So our once green green greenhouse is now sparkling and I trust bug free. The winter lettuce is settling in and the tender bulbs are in there too. The peppers are still producing and I even harvested an aubergine this week, so they can remain for a while yet till I need the space. It’s rather sad saying goodbye the summer plants but very satisfying to see it fresh and clean and ready for another season.
Tags: cleaning fluids·cleaning greenhouse
It’s been a strange old year for my beans!! We love ‘em, so I planted plenty of them. Two varieties of runners (Moonlight and Scarlet Runner) and also several varieties of climbing French beans as they seem to freeze better and we love the flavour. I tried a new method of poles. I just put very long poles in a line deep in the soil. No string, wire or twine. ‘It won’t work’ said one of my best gardener friends. Well she was wrong! It worked really well, saved me ages tying them all together in wigwams or rows and has withstood the recent gales very nicely thank you!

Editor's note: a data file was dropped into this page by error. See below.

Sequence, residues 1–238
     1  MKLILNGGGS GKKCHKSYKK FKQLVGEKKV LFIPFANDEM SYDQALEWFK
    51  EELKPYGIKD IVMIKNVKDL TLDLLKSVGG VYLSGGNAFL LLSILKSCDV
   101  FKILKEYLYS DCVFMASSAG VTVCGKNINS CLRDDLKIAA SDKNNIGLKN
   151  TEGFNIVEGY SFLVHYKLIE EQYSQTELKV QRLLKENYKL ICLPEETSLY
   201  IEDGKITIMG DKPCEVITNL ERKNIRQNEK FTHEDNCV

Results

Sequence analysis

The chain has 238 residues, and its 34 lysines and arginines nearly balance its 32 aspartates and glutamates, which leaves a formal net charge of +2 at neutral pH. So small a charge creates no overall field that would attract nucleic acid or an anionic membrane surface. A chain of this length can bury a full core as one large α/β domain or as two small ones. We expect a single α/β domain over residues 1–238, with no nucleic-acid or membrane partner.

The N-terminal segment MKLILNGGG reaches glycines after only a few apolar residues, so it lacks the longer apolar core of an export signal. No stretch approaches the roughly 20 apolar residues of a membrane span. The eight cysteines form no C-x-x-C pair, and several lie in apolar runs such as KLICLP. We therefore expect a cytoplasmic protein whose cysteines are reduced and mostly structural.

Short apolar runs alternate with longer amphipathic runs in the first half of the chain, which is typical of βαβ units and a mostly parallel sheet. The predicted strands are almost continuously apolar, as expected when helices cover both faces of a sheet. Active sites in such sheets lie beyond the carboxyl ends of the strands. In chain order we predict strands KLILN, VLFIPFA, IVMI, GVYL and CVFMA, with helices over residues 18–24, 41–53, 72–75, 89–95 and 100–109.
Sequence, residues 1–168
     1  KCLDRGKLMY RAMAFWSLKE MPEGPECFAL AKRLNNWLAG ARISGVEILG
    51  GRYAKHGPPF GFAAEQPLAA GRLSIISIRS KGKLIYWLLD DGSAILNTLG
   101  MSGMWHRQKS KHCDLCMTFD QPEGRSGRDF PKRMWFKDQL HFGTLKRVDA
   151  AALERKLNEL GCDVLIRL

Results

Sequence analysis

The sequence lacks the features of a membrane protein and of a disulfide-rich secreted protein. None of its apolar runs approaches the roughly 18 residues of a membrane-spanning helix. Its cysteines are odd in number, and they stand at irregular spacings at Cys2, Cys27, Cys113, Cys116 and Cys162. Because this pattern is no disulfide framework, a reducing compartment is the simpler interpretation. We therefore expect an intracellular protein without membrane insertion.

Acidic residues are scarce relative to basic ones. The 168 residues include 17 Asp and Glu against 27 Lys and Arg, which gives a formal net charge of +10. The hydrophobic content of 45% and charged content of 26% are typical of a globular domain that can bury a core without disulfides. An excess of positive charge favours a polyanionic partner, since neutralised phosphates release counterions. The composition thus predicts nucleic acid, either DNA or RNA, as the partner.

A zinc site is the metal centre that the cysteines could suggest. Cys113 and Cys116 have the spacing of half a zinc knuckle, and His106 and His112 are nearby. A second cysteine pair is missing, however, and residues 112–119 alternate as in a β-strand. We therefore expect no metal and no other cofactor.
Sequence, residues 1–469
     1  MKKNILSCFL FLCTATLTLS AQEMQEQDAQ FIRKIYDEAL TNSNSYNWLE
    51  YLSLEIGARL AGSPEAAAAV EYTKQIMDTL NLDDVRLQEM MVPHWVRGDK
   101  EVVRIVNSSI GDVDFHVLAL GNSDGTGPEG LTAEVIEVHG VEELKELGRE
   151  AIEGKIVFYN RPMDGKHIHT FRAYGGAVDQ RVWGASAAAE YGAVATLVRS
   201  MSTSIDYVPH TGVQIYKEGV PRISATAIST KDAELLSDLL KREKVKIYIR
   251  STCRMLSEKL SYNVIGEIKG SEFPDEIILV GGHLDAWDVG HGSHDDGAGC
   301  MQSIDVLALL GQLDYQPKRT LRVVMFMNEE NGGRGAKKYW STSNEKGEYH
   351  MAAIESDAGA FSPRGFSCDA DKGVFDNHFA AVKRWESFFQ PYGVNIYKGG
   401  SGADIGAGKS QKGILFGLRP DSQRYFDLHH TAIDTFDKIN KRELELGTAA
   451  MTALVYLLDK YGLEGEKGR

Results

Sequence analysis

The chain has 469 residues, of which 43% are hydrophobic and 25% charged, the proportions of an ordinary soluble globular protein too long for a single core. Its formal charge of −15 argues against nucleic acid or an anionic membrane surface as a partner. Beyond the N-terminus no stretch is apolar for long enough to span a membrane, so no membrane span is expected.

Eventually we have had a bumper crop of runners. I was trying to decide which variety faired best on our soil but both have had their strengths. The Moonlight have produced well consistently and have not become tough towards the end of the season, but the Scarlet Runner has cropped more heavily especially towards the end of the season, though with a tendency to quickly get too long and tough if you don’t catch them young. So perhaps I’ll grow both again.